A disease resistance protein triggers oligomerization of its NLR helper into a hexameric resistosome to mediate innate immunity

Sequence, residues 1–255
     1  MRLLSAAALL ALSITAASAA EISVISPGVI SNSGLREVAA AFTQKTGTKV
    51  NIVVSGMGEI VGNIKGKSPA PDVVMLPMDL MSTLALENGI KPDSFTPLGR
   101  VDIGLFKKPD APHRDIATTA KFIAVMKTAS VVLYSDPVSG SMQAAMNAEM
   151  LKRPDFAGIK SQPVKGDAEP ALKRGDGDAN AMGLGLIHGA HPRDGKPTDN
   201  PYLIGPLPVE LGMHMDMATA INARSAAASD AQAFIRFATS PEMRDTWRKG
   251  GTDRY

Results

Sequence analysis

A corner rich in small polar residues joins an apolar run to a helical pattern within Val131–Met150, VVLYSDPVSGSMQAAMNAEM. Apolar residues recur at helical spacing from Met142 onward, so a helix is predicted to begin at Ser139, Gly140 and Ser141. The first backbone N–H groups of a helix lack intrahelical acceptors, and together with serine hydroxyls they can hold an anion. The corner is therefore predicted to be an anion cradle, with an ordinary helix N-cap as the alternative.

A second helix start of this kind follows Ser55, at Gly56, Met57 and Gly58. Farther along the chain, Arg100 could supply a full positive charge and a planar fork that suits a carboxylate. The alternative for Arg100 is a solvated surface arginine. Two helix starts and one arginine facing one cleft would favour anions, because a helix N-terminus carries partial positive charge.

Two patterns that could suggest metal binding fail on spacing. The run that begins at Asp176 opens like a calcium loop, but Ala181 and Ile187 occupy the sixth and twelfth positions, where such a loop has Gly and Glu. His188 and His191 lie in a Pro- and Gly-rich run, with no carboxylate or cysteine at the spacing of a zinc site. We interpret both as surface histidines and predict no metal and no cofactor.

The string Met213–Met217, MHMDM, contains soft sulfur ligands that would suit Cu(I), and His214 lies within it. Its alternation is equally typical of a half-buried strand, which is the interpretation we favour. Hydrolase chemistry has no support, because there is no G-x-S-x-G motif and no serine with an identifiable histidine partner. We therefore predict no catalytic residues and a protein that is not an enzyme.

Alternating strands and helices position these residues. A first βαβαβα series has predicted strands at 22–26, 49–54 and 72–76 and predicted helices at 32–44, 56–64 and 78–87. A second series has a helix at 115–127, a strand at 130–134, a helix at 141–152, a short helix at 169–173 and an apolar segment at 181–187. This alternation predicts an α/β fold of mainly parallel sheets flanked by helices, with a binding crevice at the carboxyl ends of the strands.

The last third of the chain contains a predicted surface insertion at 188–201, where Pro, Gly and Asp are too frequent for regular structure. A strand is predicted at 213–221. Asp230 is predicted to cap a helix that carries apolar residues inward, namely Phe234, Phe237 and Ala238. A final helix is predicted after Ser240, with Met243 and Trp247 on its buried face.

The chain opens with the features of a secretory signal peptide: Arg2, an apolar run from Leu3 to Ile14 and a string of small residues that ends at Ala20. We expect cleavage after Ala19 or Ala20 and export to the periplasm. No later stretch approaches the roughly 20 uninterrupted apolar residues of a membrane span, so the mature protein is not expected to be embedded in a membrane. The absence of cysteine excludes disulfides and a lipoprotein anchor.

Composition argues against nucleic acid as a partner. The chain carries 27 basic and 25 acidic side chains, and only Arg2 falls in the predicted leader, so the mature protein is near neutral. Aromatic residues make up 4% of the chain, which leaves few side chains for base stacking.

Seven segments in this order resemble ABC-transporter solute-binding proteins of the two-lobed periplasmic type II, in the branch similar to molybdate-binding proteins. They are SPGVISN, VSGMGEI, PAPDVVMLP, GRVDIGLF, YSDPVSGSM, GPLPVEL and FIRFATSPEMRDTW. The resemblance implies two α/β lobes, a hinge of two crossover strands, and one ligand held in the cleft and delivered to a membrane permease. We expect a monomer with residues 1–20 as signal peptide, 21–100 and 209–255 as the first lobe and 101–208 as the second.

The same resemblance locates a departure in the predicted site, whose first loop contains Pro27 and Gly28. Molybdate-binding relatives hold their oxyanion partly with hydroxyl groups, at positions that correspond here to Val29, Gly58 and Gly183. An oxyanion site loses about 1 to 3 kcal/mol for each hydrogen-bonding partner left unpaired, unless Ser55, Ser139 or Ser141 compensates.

NRCs are essential helper NLR (nucleotide-binding domain and leucine-rich repeat) proteins that execute the immune response triggered by disease resistance proteins, also known as sensor NLRs. The structure of the resting state of NbNRC2 was recently revealed to be a homodimer. However, the sensor-activated state has not yet been elucidated. In this study, we used cryo-EM to determine the structure of sensor-activated NbNRC2, which forms a hexameric inflammasome-like structure known as resistosome. To confirm the functional significance of the hexamer, we mutagenized the interfaces involved in oligomerization and found that mutations in three nucleotide-binding domain interface residues abolish oligomerization and immune signalling. Comparative structural analyses between the resting state NbNRC2 homodimer and the sensor-activated homohexamer revealed significant structural rearrangements before and after activation, providing insights into NLR activation mechanisms. Furthermore, structural comparisons between the NbNRC2 hexamer and previously reported CC-NLR pentameric assemblies revealed features in NbNRC2 that allow for the integration of an additional protomer. We also used the NbNRC2 hexamer structure to assess the recently released AlphaFold 3 for the prediction of activated CC-NLR oligomers. This revealed that AlphaFold 3 allows for high-confidence modelling of the N-terminal alpha1-helices of NbNRC2 and other CC-NLRs, a region that has proven difficult to fully resolve using structural approaches. Overall, our work sheds light on the structural and biochemical mechanisms underpinning NLR activation and expands our understanding of NLR structural diversity.